Supposedly (and I haven't confirmed this so you might take it with a grain of salt) in 2001 in Alamagordo, New Mexico LOTR was burned along with other books deemed inappropriate. With all the bad things going on in the world, with all the injustice and evil left to fight it makes me shake my head to think that someone felt that by burning this particular book they were making the world a safer place. I guess they were picking their battles. "Low hanging fruit" as they say?
7. Tess of the D'urbervilles by Thomas Hardy. This isn't really surprising because all of Hardy's works were published in Victorian times so I've always assumed that they all offended those carefully-guarded English eyes.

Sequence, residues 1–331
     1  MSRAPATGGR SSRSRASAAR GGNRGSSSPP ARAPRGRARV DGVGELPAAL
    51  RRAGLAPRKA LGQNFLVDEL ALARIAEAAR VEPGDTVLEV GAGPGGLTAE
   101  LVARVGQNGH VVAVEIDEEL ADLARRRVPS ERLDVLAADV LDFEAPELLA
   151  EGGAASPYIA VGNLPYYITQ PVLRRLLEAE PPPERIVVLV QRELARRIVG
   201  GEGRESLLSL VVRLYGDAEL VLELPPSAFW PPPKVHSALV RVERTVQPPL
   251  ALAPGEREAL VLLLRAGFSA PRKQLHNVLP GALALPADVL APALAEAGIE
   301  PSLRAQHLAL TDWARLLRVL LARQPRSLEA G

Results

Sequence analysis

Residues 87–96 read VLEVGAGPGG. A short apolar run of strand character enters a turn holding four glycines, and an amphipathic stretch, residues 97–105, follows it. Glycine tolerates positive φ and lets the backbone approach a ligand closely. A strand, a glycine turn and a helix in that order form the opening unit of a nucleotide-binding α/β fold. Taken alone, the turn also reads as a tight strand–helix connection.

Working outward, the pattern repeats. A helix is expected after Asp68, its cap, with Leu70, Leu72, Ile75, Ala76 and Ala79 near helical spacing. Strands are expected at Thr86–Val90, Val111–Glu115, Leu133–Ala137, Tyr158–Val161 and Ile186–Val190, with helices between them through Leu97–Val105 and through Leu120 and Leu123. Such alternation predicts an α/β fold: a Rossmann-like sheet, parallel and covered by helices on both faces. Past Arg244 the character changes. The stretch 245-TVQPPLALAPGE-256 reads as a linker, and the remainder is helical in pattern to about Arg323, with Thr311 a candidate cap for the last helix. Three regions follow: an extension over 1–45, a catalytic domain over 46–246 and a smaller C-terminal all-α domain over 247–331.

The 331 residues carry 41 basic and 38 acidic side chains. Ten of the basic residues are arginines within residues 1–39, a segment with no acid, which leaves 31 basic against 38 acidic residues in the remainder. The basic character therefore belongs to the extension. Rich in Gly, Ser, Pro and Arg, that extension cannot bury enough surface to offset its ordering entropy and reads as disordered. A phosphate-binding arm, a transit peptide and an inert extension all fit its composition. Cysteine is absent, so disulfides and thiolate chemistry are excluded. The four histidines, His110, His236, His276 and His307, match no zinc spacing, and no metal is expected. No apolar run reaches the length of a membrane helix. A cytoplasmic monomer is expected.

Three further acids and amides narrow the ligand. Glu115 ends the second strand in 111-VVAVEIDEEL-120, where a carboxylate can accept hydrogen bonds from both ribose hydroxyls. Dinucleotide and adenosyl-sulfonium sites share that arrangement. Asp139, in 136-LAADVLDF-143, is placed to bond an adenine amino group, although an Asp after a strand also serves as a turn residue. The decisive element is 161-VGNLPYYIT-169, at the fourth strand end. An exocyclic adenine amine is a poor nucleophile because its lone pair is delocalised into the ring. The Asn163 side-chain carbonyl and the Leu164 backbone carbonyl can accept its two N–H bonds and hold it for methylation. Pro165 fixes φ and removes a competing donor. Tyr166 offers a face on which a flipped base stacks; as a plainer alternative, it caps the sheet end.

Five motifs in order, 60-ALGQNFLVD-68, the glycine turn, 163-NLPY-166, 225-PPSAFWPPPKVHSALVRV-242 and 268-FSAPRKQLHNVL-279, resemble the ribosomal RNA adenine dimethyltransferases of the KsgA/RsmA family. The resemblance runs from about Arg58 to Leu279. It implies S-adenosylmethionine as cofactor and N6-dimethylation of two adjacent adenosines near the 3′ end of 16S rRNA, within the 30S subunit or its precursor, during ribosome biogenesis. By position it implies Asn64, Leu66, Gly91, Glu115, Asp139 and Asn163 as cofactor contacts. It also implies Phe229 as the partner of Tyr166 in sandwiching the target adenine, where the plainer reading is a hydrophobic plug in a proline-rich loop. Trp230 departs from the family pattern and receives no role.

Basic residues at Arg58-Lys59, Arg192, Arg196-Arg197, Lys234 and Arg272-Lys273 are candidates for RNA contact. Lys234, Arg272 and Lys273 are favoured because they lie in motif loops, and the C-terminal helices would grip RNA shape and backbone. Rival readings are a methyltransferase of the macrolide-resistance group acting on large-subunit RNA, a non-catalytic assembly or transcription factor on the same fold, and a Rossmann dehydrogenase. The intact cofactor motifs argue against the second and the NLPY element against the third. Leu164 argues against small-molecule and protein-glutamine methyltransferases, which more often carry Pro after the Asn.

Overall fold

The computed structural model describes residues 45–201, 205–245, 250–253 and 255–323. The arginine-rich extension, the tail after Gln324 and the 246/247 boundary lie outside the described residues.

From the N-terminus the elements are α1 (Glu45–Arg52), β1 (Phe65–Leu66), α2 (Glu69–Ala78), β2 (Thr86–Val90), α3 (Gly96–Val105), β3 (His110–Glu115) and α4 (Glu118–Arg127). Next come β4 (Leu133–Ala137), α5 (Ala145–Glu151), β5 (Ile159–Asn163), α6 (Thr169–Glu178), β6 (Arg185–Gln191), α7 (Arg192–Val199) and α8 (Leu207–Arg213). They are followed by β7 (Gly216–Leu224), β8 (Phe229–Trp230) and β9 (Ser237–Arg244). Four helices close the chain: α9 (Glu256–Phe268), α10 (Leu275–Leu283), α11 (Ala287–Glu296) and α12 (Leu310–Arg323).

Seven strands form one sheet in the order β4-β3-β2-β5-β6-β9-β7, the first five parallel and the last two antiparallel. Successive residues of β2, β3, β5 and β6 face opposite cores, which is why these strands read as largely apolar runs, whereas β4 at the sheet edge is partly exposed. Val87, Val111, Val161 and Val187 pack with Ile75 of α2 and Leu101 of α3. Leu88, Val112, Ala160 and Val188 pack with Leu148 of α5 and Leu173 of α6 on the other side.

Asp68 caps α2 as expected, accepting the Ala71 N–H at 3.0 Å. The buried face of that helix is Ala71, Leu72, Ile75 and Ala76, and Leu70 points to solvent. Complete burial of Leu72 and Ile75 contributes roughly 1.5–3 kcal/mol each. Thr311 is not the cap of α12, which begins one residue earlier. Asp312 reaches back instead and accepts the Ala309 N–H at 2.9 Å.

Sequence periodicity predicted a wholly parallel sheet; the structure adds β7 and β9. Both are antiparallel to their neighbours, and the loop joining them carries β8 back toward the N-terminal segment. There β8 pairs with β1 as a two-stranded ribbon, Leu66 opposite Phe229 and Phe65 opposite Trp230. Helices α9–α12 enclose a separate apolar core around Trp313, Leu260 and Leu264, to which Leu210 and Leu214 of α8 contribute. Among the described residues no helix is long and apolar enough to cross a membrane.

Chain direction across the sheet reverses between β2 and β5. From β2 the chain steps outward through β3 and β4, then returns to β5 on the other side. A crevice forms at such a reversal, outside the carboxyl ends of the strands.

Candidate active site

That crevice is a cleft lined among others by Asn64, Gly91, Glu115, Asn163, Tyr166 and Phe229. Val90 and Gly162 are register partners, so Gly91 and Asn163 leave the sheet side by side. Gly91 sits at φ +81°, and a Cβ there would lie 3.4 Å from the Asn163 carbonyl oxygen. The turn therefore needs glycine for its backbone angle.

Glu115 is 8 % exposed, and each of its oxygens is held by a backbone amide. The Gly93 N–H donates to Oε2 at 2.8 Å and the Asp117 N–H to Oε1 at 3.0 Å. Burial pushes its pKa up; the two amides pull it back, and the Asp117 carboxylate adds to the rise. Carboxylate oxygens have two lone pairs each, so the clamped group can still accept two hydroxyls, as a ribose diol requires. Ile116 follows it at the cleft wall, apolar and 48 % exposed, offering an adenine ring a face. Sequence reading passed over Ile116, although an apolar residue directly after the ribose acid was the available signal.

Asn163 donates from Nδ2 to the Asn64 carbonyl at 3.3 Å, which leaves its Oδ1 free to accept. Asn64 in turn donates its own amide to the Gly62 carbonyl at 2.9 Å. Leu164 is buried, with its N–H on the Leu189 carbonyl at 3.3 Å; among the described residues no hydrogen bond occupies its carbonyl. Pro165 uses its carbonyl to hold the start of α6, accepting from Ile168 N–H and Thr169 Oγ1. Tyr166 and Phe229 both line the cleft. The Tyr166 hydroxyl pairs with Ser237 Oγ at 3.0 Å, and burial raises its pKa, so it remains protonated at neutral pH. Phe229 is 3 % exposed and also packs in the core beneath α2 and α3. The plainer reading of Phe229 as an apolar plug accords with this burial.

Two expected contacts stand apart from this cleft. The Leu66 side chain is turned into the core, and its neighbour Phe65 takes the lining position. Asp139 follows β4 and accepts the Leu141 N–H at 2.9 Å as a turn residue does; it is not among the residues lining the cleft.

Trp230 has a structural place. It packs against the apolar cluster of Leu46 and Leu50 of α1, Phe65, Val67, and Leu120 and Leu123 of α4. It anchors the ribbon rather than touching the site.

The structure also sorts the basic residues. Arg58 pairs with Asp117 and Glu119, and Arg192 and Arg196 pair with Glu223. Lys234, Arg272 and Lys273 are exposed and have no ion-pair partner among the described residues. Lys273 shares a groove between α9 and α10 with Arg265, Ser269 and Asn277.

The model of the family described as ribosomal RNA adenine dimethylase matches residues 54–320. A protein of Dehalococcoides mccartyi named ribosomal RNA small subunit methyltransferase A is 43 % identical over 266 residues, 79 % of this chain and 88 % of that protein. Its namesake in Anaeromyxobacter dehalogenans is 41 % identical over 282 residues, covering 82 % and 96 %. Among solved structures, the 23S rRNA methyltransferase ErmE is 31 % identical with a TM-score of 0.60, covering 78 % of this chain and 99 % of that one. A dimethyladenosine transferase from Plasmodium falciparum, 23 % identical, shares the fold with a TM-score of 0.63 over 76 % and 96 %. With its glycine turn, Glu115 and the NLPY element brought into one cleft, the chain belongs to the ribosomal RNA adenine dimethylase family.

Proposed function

They're all about unhappy people making unhappy choices and they all end up--interestingly enough--unhappy. But they have great names: Eustacia Vye, Tess Durbeyfield, Bathsheba Everdene, Diggory Venn, Tamsin Yeobright, Arabella Donn, Damon Wildeve--with names like that his characters are obviously doomed to a very dramatic destruction.
Anyway, Tess is seduced by a man posing as her cousin and when she bears his child she's ruined. She finds true love later but this new perfect guy doesn't know her past--what will happen if she tells him? Will Tess marry Angel? (yes, that's her man's name) Will he forgive her her past? Inquiring minds want to know.
8. Jude the Obscure by Thomas Hardy. If stories of unwed mothers don't shock you then maybe you'll get a jolt out of Hardy's last novel (he just wasn't getting the hint about toning down the subject matter was he?)